In my strategic planning work with small and mid-market B2B companies, I often see management teams struggling with the key concepts of business strategy and strategic thinking during the development of a strategic plan. Operational thinking is often prevalent. The term ‘strategy’ is often used rather loosely for anything that involves some kind of planning, whether it’s truly strategic in nature or not.
In this post, I’ll try to provide some clarification. Let’s take a look at the essence of strategy and strategic thinking, its characteristics, and how it’s different from tactical or operational thinking.
Key Characteristics of Business Strategy
Take the Initiative
“The best way to predict the future is to create it”
Developing a good business strategy requires taking the initiative, being proactive, and taking charge of your future. Management teams that have not internalized strategic thinking are usually overly focused on short-term, day-to-day activities. They are reactive, rather than proactive.
Their comfort zone is operational thinking, rather than addressing the high-level issues and longer-term direction for the firm. Lacking this broader perspective, these companies may find themselves at the mercy of the competition, customers, and the economy.
No organization, not even a Fortune 500 company, has the unlimited resources to go after each and every opportunity that looks attractive. In particular, small business needs to be smart about how and where to deploy their limited resources to achieve growth. They can’t afford to waste time and money.
A good business strategy involves focusing on specific markets, the specific products and services to sell, and deploying distinctive sales and marketing activities. Resisting the temptation to go after every ‘shiny object’ is a key element of strategic focus.
It is just as important to decide when to say “No” to an opportunity as it is when to say “Yes”, perhaps even more so. Pursuing too many opportunities leads to dilution of management’s attention and company resources, increasing the risk that none of the goals will be achieved.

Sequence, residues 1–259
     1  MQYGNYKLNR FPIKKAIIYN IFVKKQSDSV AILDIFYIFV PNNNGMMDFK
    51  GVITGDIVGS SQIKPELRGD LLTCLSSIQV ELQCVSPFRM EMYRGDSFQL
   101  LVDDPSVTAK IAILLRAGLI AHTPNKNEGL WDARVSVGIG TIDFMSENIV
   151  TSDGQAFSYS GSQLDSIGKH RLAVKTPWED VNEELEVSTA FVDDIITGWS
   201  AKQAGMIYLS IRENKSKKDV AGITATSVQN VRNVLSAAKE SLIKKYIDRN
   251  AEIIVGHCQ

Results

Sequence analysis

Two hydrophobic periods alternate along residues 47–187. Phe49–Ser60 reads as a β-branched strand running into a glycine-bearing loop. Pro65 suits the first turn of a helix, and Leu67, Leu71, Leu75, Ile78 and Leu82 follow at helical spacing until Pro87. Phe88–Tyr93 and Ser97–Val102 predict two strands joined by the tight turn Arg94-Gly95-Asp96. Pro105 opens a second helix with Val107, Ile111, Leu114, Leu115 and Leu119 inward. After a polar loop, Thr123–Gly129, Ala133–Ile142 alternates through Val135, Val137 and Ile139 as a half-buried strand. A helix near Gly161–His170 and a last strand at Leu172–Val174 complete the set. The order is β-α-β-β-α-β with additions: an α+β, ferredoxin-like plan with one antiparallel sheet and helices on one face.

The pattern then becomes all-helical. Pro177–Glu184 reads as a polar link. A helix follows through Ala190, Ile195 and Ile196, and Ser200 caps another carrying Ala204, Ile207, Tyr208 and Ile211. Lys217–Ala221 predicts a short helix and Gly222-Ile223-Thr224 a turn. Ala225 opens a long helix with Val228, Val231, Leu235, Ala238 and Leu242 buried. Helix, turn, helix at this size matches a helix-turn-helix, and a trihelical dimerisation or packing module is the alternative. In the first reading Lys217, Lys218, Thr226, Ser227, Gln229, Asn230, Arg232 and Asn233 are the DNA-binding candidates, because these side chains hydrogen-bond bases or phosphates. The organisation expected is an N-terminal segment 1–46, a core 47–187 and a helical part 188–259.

Standing out from the competition in a meaningful way is a key objective of developing a sound strategic plan. It is important to occupy a unique position as perceived by your target market. A position that is of value to your customers and that the business ‘owns’ and can defend against the competition. Trying to be all things to all people is simply a bad idea, is counter to a differentiation approach, and lacks the power of focus.
Another objective of formulating a business strategy is to identify or create a sustainable competitive advantage that can be leveraged. However, keep in mind that no competitive advantage lasts forever. Everything in business, or life, for that matter, is temporary. If you’re successful, a competitor is bound to move in, copying your business model, products, and services, and probably at lower prices. You can never rest, you need to keep innovating and find new ways to stay ahead of the competition.
Outperform the Market
A well-thought-out business strategy involves smart decision-making to enable the company to outperform the overall market. Simply coasting along and having the business move up and down with the market is not an option if you want to be in control of your future.